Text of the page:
A Mutation in the Mouse Gene Leads to Impaired Hedgehog Signaling

The Hedgehog (Hh) signaling pathway determines pattern formation in many developing tissues, e.g., during digit formation in the limbs, by regulating proteins of the Gli family. Activation of these proteins requires their transport to the tip of the primary cilium (an antenna-like sensory structure of the cell), and subsequent dissociation from their negative regulator, Sufu. Little is known about the mechanism underlying this dissociation. To gain new insights into Hh signaling, we analyzed the mutant mouse hop-sterile (hop), whose developmental defects suggest that the primary cilia are dysfunctional. We discovered that the hop mutation lies in the Ttc26 gene, and that levels of the encoded protein are low in hop mice. Normal Ttc26 was found to bind to Intraflagellar Transport (IFT) complex B, a structure essential for building the cilium and moving proteins towards its tip. Nevertheless, unlike previously characterized mutations that affect IFT complex B, hop did not interfere with either the formation of primary cilia or the accumulation of Gli at their tips, but rather with dissociation of Gli from Sufu. Our results provide novel insights into Hh signaling, demonstrating that efficient coupling between Gli's accumulation at the ciliary tip and its dissociation from Sufu depends on Ttc26.

Published in the journal: . PLoS Genet 10(10): e32767. doi:10.1371/journal.pgen.1004689
Category: Research Article
doi: 10.1371/journal.pgen.1004689


The Hedgehog (Hh) signaling pathway determines pattern formation in many developing tissues, e.g., during digit formation in the limbs, by regulating proteins of the Gli family. Activation of these proteins requires their transport to the tip of the primary cilium (an antenna-like sensory structure of the cell), and subsequent dissociation from their negative regulator, Sufu. Little is known about the mechanism underlying this dissociation. To gain new insights into Hh signaling, we analyzed the mutant mouse hop-sterile (hop), whose developmental defects suggest that the primary cilia are dysfunctional. We discovered that the hop mutation lies in the Ttc26 gene, and that levels of the encoded protein are low in hop mice. Normal Ttc26 was found to bind to Intraflagellar Transport (IFT) complex B, a structure essential for building the cilium and moving proteins towards its tip. Nevertheless, unlike previously characterized mutations that affect IFT complex B, hop did not interfere with either the formation of primary cilia or the accumulation of Gli at their tips, but rather with dissociation of Gli from Sufu. Our results provide novel insights into Hh signaling, demonstrating that efficient coupling between Gli's accumulation at the ciliary tip and its dissociation from Sufu depends on Ttc26.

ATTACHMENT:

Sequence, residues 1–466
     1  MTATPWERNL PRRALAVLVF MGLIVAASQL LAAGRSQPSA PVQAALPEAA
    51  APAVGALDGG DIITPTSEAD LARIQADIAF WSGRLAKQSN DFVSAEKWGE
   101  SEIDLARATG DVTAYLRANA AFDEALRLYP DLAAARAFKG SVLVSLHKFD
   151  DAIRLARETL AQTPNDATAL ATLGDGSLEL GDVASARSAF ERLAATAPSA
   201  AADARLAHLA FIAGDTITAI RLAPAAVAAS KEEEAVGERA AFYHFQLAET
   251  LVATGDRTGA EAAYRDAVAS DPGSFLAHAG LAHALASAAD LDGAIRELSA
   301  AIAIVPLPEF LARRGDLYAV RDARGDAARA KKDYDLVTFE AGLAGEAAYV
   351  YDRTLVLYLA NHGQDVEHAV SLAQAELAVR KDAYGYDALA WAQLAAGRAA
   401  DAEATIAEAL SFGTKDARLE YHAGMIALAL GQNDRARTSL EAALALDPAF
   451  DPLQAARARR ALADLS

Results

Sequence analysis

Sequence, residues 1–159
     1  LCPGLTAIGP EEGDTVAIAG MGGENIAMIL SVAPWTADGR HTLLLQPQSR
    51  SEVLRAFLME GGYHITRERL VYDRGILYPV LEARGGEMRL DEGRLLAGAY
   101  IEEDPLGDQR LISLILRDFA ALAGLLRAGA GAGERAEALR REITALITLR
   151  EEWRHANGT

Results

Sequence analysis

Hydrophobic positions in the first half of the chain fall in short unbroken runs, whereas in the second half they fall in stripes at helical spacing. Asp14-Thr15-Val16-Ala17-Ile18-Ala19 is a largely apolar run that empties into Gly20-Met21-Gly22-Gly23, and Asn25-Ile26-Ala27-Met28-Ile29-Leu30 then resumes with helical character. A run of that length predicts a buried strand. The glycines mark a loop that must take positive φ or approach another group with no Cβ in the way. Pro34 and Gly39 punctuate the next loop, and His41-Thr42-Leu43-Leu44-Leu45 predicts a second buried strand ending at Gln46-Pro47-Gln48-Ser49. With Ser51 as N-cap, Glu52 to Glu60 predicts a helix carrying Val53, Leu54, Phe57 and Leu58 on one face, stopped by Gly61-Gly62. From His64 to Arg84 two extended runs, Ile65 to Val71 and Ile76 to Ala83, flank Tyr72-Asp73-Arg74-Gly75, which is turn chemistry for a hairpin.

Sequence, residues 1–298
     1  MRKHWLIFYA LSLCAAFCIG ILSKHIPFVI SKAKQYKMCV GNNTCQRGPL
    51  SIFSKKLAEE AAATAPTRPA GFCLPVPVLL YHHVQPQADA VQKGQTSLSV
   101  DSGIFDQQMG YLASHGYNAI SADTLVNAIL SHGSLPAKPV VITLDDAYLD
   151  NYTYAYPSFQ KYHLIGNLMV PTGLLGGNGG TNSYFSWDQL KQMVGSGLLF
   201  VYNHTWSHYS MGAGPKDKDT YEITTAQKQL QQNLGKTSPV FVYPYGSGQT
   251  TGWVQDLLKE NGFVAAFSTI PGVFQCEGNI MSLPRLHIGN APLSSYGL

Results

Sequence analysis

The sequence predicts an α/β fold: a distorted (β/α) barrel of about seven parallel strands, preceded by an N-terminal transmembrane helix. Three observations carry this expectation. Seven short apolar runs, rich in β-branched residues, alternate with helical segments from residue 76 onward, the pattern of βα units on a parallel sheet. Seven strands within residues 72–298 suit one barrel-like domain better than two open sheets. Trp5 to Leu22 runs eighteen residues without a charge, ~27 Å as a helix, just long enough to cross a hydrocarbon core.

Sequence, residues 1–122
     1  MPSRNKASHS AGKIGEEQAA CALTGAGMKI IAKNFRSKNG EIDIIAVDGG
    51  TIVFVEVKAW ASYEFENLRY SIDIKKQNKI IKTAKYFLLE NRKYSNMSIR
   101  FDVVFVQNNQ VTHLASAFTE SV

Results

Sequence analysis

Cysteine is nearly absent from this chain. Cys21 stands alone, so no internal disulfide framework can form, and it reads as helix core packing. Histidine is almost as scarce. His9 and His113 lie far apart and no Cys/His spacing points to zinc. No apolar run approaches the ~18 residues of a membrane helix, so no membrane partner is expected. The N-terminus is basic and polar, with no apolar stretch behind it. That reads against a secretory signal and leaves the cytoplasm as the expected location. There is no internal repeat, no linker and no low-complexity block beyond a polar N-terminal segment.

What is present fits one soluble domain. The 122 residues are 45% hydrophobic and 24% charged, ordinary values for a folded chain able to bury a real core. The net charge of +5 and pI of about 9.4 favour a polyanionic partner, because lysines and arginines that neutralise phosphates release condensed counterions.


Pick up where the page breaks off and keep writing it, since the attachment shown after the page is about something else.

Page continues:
The Hedgehog (Hh) signaling pathway plays critical roles in embryonic development, wound healing, and tumorigenesis [1][4]. It is activated when the receptor protein Patched-1 (Ptch1) binds to one of the secreted Hh lipoproteins, Sonic Hh (Shh), Indian Hh, or Desert Hh [5], [6]. The Hh-Ptch1 interaction affects cell proliferation, differentiation, and patterning by regulating three Gli transcription factors (Gli1-3) [7], [8], and the extent of Gli activation is dictated by the ratio of the activator and repressor forms of Gli proteins in the cell. When Hh is absent, the full-length Gli3 protein (Gli3-F) is processed into a shorter repressor form (Gli3-R), which strongly suppresses the expression of target genes [9]. The repressor form of Gli2 (Gli2-R), in contrast, has only a minimal effect on transcription, and is formed inefficiently from full-length Gli2 (Gli2-F) [10]. Gli1 has no repressor form; it is regulated transcriptionally through activation of the other two Gli proteins [11]. Hh signaling activates both Gli2-F and Gli3-F and blocks their processing into repressors [9], [10]. Although data on the full range and importance of various posttranscriptional modifications of Gli are still emerging [12][16], it is clear that a crucial step in the activation of Gli2-F and Gli3-F is their dissociation from Sufu [17], [18].

The primary cilium is the Hh signaling center of the mammalian cell. In the absence of Hh proteins, Patch1 is localized to this structure, where it inhibits the activity of the seven-span transmembrane protein Smoothened (Smo) [19]. Activation of the Hh pathway causes Ptch1 to exit the cilium and Smo to enter [19], [20]. Smo enhances the ciliary import of Gli-F proteins (Gli-Fs) by inhibiting protein kinase A [21], [22], after which Gli-Fs are transported to the tip. This trafficking of Gli-Fs to the ciliary tip is required for their dissociation from Sufu [17], [18], and thus for activation of the Gli transcription factors [23][25].